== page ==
Updated December 20, 2022
An empire is a group of countries ruled over by a single monarch or ruling power. An empire doesn’t need an ’emperor’. The British Empire comprised of Britain, the mother country, and various colonies countries ruled to some degree by and from Britain. Colonizing the different countries was the foundation of the expansion of British power.
In the 16th century, Britain began to establish overseas colonies. By 1783, Britain had built a large empire with colonies in America and the West Indies. The Expansion of British power started during the early 17th century, with the English settlement of North America and the smaller islands of the Caribbean, and the establishment of joint-stock companies, most notably the East India Company, to administer colonies and overseas trade.
The prosperity of Bengal province attracted many European Companies including the English East India Company. In 1717, the English East India Company obtained Farman from the Mughal Emperor Farrukh Siyar. This Farman granted the English East India Company freedom to export and import their goods in Bengal without paying taxes. And from here the expansion of British power started in India.
Expansion of British Power through Different Province of India
Different import events took place during the expansion of British power but today we will take look over it in the context of Bengal, Mysore, and Punjab.
Expansion through the province of Bengal
In 1917, Mughal emperor Farukh Siyar appointed Murshid Quli Khan (1717-27) as Bengal’s governor (Subedar). He was also granted a Governorship of Orissa in 1979 by Farukh Siyar. The capital of Bengal was Dacca which he transferred to Murshidabad. Shujauddin, the son-in-law of Murshid Quli Khan was granted the Governorship of Bihar by Mughal emperor Muhammad Shah ‘Rangeela’ in 1733. In 1739, he was succeeded by his son Sarfaraj Khan (1739-40) and after the period of one year, Alivardi Khan, the deputy governor of Bihar murdered him. and, after paying 2 crores, Alivrdi Khan legalized his usurpation by receiving a Farman from Mughal Emperor Muhammad Shah ‘Rangeela’. He was the key force in preventing the French and the English from fortifying their factories at Chandranagore and Calcutta respectively.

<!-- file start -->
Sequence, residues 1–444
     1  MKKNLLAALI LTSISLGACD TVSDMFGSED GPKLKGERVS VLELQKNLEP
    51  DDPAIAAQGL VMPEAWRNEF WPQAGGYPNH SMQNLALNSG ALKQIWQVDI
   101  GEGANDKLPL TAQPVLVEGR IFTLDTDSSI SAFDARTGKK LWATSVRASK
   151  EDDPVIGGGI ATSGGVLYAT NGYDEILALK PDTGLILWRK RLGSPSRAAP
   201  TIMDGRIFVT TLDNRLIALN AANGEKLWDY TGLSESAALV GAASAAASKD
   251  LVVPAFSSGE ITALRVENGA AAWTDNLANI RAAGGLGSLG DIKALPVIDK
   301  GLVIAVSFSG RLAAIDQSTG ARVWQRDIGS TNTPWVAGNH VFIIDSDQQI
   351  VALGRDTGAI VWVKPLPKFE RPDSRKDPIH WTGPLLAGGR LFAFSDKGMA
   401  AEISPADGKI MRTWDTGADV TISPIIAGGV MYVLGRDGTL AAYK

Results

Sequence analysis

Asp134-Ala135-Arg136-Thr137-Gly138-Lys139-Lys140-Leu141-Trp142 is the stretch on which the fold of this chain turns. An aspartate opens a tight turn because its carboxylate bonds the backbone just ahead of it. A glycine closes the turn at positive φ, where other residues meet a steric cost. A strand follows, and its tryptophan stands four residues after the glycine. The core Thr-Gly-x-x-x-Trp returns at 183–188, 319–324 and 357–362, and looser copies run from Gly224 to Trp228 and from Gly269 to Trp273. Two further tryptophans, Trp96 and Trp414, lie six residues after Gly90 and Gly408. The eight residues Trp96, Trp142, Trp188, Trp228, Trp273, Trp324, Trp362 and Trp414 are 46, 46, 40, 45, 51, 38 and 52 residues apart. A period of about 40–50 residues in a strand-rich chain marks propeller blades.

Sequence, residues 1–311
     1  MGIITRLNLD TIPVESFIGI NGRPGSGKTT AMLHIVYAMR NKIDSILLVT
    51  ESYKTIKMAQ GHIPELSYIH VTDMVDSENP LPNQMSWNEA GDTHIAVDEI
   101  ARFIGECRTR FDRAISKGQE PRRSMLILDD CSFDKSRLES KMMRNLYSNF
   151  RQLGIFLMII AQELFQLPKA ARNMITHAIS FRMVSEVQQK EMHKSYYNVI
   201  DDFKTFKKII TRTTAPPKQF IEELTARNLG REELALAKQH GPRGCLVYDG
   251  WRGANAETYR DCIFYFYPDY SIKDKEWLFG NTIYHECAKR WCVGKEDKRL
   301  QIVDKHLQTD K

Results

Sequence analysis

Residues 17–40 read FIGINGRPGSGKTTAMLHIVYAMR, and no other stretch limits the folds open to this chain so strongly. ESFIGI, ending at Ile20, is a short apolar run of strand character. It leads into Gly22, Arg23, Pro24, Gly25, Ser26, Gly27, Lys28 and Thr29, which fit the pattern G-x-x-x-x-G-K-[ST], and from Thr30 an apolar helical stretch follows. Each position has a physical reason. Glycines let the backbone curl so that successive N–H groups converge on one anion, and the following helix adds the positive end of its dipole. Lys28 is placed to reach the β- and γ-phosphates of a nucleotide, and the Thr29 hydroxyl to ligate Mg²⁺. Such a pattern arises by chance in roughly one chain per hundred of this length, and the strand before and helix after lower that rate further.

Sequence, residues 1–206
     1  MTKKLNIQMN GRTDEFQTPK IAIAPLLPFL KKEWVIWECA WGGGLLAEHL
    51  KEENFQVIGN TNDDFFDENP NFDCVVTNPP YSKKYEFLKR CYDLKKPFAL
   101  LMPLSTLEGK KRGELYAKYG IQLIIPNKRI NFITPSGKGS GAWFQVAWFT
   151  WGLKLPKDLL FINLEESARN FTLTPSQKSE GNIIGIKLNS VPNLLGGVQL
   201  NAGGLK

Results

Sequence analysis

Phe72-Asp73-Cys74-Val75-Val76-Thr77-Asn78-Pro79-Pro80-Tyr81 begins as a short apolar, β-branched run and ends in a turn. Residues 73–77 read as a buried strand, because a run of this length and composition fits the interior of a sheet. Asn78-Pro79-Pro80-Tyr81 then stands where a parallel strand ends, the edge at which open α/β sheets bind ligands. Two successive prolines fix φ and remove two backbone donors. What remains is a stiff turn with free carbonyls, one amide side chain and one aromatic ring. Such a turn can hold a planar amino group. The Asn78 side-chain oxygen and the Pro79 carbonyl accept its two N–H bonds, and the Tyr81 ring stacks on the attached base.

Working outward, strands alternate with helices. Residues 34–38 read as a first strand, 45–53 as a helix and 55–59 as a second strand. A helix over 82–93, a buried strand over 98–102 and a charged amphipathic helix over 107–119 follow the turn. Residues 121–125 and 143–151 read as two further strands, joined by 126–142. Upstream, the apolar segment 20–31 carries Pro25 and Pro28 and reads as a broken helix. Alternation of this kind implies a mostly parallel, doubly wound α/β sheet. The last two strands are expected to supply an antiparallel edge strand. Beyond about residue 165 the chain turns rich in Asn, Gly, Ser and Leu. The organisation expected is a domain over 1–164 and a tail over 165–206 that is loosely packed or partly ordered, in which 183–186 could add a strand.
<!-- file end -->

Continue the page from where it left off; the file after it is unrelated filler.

Sirajuddaula (1756-57), the grandson of Alivardi Khan and the last nawab of Bengal came into the throne in 1756. After becoming the Nawab, he seized the English Factory at Kasimbazar. Fort William surrendered against Sirajuddaulah on 20th June 1756 but later Robert Clive recovered Calcutta. On the 2nd of Jan. 1757, the Treaty of Alinagar was signed, whereby Siraj conceded practically all the demands. British then captured Chandranagore, the French settlement, in March 1757. On 23rd June 1757, the Battle of Plassey was fought where Sirajuddaulah lost the battle due to the conspiracy weaved against him. Nobels like Mir Jafar, Manikchand, Amichand, Jagat Seth, Khandim Khan betrayed the Nawab in the battle.
Syed Mir Jafar Ali Khan Bahadur (1757-60) was a military general who betrayed Sirajuddaulah in the battle of Plassey. He succeeded Sirajuddalah in 1756 and became the first dependent Nawab of Bengal of the British East India Company. His reign has been considered to be the beginning of the expansion of British power in Indian history and a key step in the eventual British domination of vast areas of the Indian subcontinent.
Mir Qasim became the Nawab of Bengal from 1760 to 1763 with the support of the British East India Company, replacing Mir Jafar, his father-in-law, who had himself been supported earlier by the East India Company after his role in the Battle of Plassey. But soon he revolted as he was angry with the misuse of dastak (free duty passes). He formed a confederacy with Awadh ruler Shujauddaula and Mughal Emperor Shah Alam II after been defeated by the British. They together fought the Battle of Buxar in 1764 and again been defeated by Munro. Mir Jaffar gained the throne with the help of the British.